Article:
The Humana Foundation announced Friday a $1 million investment to InterFaith Health Clinic in Knoxville as part of its Truck2Table program to help address social determinants of health. InterFaith Health Clinic, which serves lower income families without health insurance, is now aiming to provide healthy food for their patients.
The foundation, the philanthropic division of Humana Inc., says it wants to invest in programs focused on decreasing barriers and obstacles to good health. The goal is to improve the health of the communities Humana serves by 20 percent by the year 2020.
Walter Woods, Humana Foundation CEO, says they were drawn to this project because it was collaborative. It involves a for-profit technology company, Catapult 4D, and includes software for the clinic to link up with food vendors and it will also serve as an ordering tool for customers.
Interfaith’s Executive Director, Melissa Knight, says this is about crossing the finish line. Knight touted their efforts to build a kitchen three years ago to education their patients, but says this actually enables patients to buy the recommended ingredients.
“When 90 percent of your patient load is making minimum wage, the opportunity to buy healthy food just does not exist,” she said.
She says the technology will help them stream line their different food sources and vendors and help them with their packaging goals of including healthy recipes.
The project is in in the “starting conversations” phase, Knight says, and it could take a year to square away the final details. Ultimately, she hopes to extend the service to anyone who qualifies, not just patients at the clinic. They currently have more than 8,500. The money from Humana is renewable for two additional years. While it’s going to setting the infrastructure of the project, more funding will be needed for it to work long-term, Knight said. Knight also says anyone interested in a progress report should reach out in between 8-10 months.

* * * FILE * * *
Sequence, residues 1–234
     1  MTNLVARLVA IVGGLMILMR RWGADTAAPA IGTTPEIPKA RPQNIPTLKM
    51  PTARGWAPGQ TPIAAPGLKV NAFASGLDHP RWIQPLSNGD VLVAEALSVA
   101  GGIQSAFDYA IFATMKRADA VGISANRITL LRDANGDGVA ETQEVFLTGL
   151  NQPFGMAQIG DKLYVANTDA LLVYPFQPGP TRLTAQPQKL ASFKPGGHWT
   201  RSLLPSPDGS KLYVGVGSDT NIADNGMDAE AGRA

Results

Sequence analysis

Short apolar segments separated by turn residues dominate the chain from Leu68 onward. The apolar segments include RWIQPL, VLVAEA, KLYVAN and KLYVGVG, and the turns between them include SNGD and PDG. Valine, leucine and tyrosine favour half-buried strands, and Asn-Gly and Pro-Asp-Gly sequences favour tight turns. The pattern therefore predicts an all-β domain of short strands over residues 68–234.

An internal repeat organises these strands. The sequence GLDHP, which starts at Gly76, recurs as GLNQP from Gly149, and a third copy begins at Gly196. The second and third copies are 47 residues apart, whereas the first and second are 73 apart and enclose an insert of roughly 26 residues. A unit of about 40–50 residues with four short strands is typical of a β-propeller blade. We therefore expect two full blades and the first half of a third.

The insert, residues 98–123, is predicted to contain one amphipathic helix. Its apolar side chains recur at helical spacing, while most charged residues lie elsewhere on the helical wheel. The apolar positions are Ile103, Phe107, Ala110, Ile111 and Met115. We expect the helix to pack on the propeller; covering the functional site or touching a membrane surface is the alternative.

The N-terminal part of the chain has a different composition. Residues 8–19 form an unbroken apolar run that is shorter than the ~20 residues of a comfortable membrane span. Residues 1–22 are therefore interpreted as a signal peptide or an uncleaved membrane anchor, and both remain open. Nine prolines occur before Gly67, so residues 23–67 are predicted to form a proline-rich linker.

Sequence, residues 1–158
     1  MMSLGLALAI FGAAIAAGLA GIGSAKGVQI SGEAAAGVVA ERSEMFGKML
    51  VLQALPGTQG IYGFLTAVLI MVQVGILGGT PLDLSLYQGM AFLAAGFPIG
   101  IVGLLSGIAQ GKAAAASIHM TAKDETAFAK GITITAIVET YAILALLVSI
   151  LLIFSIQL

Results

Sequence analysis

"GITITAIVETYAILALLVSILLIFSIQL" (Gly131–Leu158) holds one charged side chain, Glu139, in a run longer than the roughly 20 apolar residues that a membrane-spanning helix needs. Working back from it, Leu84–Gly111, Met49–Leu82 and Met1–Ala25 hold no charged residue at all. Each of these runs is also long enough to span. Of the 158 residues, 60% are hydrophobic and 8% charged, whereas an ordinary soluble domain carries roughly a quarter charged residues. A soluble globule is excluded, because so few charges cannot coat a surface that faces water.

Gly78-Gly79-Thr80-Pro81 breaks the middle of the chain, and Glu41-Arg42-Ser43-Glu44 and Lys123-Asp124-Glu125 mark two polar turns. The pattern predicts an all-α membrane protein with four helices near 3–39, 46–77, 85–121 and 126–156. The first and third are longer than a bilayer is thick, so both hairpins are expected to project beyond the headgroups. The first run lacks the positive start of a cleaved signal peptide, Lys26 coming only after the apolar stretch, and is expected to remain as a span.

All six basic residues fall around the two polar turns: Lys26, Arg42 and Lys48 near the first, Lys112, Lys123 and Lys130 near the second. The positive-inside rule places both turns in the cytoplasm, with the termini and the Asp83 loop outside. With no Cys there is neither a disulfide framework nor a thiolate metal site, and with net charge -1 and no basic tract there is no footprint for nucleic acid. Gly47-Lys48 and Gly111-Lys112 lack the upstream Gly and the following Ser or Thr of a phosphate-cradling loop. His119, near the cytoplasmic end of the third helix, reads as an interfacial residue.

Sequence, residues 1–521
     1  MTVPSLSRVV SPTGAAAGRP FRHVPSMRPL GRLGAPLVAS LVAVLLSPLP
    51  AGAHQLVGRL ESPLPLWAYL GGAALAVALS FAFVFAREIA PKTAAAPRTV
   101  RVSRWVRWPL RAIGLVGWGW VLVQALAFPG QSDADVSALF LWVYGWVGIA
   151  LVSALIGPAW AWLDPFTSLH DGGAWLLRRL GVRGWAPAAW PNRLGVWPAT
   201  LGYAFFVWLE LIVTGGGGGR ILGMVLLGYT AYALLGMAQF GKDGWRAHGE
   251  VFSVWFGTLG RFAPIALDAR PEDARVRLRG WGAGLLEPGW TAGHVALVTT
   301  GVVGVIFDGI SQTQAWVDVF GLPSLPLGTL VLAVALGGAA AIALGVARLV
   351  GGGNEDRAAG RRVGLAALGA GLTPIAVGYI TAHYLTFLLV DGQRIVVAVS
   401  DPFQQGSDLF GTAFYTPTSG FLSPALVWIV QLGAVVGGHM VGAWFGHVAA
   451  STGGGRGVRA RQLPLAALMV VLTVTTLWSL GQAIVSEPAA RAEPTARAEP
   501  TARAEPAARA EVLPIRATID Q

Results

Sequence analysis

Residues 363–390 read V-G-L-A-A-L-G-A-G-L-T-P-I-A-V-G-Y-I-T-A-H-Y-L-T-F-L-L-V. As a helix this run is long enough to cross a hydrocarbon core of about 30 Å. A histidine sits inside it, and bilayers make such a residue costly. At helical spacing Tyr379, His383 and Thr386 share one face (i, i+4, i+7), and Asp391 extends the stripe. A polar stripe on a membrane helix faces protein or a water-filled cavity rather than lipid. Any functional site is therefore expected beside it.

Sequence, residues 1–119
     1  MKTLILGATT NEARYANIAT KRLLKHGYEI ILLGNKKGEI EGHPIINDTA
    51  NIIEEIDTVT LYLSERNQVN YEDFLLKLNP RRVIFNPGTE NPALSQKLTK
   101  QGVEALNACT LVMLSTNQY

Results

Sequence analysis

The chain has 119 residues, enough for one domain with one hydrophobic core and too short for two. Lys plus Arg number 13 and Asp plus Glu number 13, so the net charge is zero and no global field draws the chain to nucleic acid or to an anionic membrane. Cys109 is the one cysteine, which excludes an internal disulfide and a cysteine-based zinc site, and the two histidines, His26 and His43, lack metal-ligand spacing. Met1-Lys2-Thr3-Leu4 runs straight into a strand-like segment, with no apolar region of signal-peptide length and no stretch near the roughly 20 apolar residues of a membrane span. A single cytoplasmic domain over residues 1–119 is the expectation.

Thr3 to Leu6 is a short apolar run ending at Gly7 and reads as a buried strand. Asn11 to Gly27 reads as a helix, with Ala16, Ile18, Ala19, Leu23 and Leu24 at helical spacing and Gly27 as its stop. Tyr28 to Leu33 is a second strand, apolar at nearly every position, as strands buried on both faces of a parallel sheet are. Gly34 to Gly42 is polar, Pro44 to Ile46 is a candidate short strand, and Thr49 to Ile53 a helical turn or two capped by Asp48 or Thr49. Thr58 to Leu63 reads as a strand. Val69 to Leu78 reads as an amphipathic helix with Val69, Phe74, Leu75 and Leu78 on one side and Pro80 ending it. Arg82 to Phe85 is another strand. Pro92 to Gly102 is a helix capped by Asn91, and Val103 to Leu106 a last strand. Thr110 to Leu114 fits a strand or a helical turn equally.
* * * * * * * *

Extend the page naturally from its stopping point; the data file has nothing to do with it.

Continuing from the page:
Robin Collins is a former patient at InterFaith Health. Today, she has her own insurance but attended the check presentation ceremony Friday because she credits their food education program to her new lifestyle. She’s lost 155 altogether and says the last 55, and the lasting change in her lifestyle, is thanks to classes offered by the clinic.
Despite her success with the program, she says buying the healthier foods isn’t easy.
“The elderly and the poor go for the junk food, the cokes and stuff. They run them on sale and they can make them stretch, but the fresh foods are not out there for the less fortunate to get,” Collins said.
She’s still a type two diabetic and takes medication for high blood pressure; however, she says the weight loss has enabled her to take lower dosage for the high blood pressure and it’s a trend she hopes will continue as she isn’t reverting back to her old eating habits.
The weight loss has also given her more self esteem. She thinks helping others get access to those less fortunate families will help them feel pride and self-esteem and even encourage them to get out more.
“The Bible says plant a seed and it will grow. I believe in planting a seed and it will grow somewhere else and what it’s all about is helping these people who cannot afford healthy food,” Collins said about the project.
Six other communities are also receiving $1 million grants which are renewable in 2019 and 2020.